The Jacpol antique furniture beeswax polish (English Formula) which I always use these days; rather than silicone furniture polishes.

Adding the Padding

Last time I padded the original remote control holder with thin soft foam and a soft material; which worked quite well. However, this time I decided to use a scrap piece of Axminster carpet, as it’s just as thick as the foam, and it’s soft but firm so would grip and hold the remotes in place, in a similar fashion to the foam.

The spare piece of Axminster I had was a remnant from when we had our living room carpeted.

I’m not sure it would work as effectively with other carpets, but Axminster and Wilton carpets are the two top range prestige hardwearing carpets made in Britain from 100% wool that, unlike cheaper carpets, will last a lifetime. Axminster dates back to 1755 and Wilton 1749.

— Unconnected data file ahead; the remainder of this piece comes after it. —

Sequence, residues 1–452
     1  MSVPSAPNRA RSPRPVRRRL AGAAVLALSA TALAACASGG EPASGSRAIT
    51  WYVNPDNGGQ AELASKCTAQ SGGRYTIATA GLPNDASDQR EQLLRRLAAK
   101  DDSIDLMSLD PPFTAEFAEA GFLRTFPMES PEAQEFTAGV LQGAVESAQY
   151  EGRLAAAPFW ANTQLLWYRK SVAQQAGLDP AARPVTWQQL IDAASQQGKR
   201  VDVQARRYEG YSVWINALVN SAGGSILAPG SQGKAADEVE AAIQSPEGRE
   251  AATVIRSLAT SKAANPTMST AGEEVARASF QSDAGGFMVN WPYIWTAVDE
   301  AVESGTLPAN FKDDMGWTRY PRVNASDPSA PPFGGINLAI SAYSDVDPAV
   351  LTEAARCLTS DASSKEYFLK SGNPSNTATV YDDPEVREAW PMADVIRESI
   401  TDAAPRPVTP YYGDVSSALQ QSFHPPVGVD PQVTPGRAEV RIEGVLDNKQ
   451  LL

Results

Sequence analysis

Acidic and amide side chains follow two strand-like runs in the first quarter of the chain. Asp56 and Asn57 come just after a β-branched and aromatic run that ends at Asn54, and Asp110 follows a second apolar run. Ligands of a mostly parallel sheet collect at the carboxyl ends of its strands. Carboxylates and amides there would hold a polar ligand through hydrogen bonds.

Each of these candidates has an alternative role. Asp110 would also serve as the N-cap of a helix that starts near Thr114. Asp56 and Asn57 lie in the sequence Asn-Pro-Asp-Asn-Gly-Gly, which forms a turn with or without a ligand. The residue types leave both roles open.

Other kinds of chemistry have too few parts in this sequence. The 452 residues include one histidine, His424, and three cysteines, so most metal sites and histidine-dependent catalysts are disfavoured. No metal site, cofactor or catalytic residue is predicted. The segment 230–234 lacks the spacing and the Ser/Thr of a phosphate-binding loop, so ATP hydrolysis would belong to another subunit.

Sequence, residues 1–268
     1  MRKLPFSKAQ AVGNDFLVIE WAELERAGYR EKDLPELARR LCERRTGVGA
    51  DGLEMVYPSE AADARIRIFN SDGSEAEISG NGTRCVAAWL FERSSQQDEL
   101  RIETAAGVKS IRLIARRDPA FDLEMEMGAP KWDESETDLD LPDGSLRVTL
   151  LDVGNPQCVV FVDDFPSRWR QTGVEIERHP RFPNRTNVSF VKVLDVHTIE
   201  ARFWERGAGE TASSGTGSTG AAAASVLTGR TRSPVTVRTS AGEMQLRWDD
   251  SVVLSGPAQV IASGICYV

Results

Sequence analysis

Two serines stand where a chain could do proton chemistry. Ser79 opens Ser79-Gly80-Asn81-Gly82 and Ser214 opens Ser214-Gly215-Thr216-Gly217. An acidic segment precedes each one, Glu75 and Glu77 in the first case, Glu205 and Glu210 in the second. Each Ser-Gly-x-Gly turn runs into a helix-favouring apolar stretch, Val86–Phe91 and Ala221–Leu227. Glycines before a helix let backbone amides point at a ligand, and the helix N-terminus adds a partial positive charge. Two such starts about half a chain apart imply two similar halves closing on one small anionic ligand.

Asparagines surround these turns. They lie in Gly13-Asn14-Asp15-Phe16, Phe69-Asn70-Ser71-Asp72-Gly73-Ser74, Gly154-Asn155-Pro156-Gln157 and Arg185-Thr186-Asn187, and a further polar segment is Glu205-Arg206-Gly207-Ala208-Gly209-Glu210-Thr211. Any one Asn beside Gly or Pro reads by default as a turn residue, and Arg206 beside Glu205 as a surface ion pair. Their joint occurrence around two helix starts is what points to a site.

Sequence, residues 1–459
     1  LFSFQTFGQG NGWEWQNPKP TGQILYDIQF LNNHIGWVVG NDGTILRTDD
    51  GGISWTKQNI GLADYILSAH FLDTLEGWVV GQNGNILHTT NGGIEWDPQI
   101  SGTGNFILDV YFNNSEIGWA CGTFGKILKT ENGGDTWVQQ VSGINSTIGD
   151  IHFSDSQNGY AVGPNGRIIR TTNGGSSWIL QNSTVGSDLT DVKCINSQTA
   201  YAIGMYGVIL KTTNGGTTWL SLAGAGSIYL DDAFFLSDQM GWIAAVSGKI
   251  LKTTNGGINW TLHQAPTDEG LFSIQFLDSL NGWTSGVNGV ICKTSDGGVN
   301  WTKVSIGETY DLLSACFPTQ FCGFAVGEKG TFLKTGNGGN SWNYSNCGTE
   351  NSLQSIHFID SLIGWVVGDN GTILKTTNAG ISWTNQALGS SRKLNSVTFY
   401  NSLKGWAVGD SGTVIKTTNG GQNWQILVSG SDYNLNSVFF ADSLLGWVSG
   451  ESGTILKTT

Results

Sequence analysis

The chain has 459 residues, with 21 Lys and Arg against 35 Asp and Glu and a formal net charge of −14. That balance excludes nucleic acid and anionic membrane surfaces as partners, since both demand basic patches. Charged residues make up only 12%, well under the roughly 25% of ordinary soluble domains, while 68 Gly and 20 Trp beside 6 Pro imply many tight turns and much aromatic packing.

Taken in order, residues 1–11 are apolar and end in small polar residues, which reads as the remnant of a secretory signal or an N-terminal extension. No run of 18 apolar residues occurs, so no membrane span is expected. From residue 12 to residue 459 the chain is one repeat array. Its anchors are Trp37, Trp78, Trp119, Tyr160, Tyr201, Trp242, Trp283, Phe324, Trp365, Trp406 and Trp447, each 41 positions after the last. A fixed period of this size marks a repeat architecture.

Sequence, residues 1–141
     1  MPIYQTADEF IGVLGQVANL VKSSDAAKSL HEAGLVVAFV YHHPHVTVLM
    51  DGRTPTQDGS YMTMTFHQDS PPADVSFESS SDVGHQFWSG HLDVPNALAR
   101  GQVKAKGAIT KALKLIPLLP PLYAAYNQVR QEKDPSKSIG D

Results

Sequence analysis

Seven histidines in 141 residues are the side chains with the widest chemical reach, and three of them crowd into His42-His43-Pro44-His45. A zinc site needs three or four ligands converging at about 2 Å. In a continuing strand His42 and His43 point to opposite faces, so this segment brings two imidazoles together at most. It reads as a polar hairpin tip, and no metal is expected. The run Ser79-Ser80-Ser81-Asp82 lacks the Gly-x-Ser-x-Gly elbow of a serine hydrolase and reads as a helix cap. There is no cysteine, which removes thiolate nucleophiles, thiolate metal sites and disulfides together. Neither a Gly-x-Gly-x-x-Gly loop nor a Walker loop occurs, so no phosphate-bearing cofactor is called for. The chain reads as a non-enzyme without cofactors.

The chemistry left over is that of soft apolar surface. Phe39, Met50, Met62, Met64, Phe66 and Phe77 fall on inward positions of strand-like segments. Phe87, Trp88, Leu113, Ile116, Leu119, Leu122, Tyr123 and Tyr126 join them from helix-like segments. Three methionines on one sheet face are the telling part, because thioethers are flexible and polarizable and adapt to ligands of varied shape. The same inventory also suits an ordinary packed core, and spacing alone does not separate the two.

Having decided to use Axminster carpet as the padding, the main steps for fitting it are:-

  • Measuring
  • Cutting to size
  • Folding to shape
  • Pushing into place
  • Tacking in place with upholstery nails
  • Trim off excess carpet

Measuring

I wanted to fit the carpet as one piece, so calculating the correct length is very much like calculating for getting the right size pond liner e.g. depth x2 plus width; plus the thickness of the wood; then repeat for the second pocket, and add the height difference between the two pockets. Add it all together and add a little spare, which can be trimmed off afterwards.

Measuring the width is a bit simpler, just a straight forward measurement of the internal width for the top pocket, and a similar measurement for the bottom pocket.

Cutting

Using the principle of measure twice and cut once; once you have your measurement lay the carpet out flat on a firm surface, mark up where to cut and cut from the back with a Stanley knife.

Cutting the carpet to size to fit into the pockets of the modified remote control holder.
Cutting the carpet to size to fit into the pockets of the modified remote control holder.

Folding to Shape

As the Axminster carpet is a stiff material, you can’t just push it into the pockets like you could do with cloth or leather. Therefore, bend and fold the carpet into a concertina shape to fit the depth of the two pockets.

Pushing into Place